The House of Representatives voted yesterday to put Fannie Mae and Freddie Mac on budget. This should be bigger news than anyone is getting it. As the bill (H.R. 3581) would profoundly change the way the government counts its debt, it should at minimum be a topic in the presidential debate.
In the words of one of the legislation’s backers, Rep. Scott Garret, the bill “recognizes the budgetary impact of government-sponsored enterprises Fannie Mae and Freddie Mac by bringing these black holes of debt out from the shadows and on-budget, and requires that the federal government apply the same credit accounting standards as the private sector when making or guaranteeing loans.”
We have written at length about the need for the GSEs to be on budget. In a July 2010 letter to Secretary Geithner responding to requests for comment on the future of housing finance, we wrote:
The GSEs should also be formally put on the federal budget. They are in effect run by the federal government and meet the Congressional Budget Office standard for being included on the budget. Currently, the White House Office of Management and Budget does not include them. Adding them to the budget would not only be more honest, but it would add more transparency to the true drain the GSEs are on the fiscal stability of the federal government. If the GSEs were put on budget, then all cash flows from maturing mortgages or servicing fees on pools of loans would go into the Treasury to mitigate losses the taxpayers have taken on the GSEs.
The CBO projects the budgetary impact of the two entities’ operations as if they were being conducted by a federal agency, because of the degree of management and financial control that the government exercises over them. Specifically, CBO determined that after the GSEs were placed into conservatorship, they were close enough to government agencies that they should be counted towards the budget. Using principles outlined by the 1976 budget concepts commission CBO includes estimates of losses from the GSEs to is budget baseline.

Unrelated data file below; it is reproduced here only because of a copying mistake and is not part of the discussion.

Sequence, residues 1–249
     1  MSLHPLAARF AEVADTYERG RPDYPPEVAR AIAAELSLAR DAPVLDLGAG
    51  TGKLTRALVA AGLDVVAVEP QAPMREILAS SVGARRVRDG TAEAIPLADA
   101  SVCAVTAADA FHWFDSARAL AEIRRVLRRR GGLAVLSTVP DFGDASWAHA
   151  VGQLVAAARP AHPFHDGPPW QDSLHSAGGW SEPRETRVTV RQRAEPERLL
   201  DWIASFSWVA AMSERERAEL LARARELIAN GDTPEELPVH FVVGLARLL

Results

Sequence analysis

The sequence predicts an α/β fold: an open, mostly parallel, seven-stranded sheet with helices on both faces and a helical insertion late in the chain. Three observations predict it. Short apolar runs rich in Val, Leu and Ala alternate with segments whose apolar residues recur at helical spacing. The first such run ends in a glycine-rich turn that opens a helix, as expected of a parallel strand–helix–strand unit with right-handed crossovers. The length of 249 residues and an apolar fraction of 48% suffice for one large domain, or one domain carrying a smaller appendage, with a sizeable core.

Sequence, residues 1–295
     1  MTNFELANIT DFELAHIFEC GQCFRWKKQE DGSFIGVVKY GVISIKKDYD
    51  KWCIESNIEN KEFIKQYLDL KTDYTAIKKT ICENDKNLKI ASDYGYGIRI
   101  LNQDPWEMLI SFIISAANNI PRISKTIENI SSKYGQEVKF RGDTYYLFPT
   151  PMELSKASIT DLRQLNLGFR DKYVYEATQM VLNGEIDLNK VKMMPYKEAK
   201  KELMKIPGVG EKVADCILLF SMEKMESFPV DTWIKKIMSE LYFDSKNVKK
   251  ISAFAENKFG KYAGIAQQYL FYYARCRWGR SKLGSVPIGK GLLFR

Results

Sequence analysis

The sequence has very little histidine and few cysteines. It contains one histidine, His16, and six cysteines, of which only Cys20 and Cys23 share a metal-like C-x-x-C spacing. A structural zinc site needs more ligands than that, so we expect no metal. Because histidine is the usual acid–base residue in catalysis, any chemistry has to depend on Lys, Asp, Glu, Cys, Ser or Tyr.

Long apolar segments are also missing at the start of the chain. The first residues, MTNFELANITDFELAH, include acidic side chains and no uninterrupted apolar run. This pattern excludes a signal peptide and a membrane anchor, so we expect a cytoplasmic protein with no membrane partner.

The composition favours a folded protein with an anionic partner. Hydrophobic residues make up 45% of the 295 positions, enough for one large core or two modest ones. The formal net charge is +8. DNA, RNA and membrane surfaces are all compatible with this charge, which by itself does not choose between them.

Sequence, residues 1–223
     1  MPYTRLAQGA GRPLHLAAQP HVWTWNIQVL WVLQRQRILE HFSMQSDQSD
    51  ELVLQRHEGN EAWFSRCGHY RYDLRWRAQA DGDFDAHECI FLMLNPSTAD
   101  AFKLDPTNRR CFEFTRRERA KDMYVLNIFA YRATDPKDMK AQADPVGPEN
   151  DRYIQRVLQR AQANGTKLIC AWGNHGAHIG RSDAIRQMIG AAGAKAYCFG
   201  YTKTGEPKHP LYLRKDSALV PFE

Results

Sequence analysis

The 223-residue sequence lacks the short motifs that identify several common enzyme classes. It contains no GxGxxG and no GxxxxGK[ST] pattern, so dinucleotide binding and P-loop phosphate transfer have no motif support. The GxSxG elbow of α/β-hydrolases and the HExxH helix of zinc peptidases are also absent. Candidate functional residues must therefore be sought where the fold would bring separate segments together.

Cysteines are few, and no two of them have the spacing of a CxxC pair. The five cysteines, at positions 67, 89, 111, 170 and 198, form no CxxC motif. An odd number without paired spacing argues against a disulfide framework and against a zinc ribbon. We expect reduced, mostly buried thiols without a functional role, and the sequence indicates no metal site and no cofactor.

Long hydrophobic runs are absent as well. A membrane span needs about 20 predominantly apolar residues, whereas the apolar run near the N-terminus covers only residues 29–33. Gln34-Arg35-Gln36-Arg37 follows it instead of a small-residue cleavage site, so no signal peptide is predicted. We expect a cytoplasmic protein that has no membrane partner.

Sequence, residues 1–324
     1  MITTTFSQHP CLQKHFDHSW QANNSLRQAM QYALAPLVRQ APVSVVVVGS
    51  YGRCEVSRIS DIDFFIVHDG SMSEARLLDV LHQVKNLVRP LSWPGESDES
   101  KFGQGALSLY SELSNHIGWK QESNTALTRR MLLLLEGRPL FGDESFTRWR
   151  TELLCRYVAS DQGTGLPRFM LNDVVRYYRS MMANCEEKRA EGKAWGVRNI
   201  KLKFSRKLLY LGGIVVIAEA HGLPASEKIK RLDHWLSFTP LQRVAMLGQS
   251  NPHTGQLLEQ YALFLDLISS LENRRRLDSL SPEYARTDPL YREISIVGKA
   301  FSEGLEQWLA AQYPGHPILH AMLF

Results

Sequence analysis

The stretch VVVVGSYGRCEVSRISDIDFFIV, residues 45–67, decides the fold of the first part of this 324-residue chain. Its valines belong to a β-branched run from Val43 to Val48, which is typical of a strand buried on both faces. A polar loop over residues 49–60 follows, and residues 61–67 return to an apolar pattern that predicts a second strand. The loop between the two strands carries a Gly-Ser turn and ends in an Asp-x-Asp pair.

So fare the OMB, White House budget accountant, still considers the GSEs as off-budget organizations since their conservatorship maintains their technical status as federally chartered enterprises. No budget by the Bush or Obama administration has considered GSE expenses in their budget outlooks. It is possible that the Obama budget to be released next week will include the GSEs—though since the White House has no intention of pushing Congress to pass it, the move would be a token nod.
It is helpful, therefore, that some in Congress have recognized the value of putting the GSEs on budget to reflect their true impact on the country and to better measure our national liabilities.
Not to be lost in this issue is new accounting standards directed by the legislation that would have a profound impact our debt measurement. This is unlikely to be considered in the Senate, but it is a start towards more fiscal responsibility in future legislative cycles. We can hope that it will be discussed during a presidential debate or three come the general election.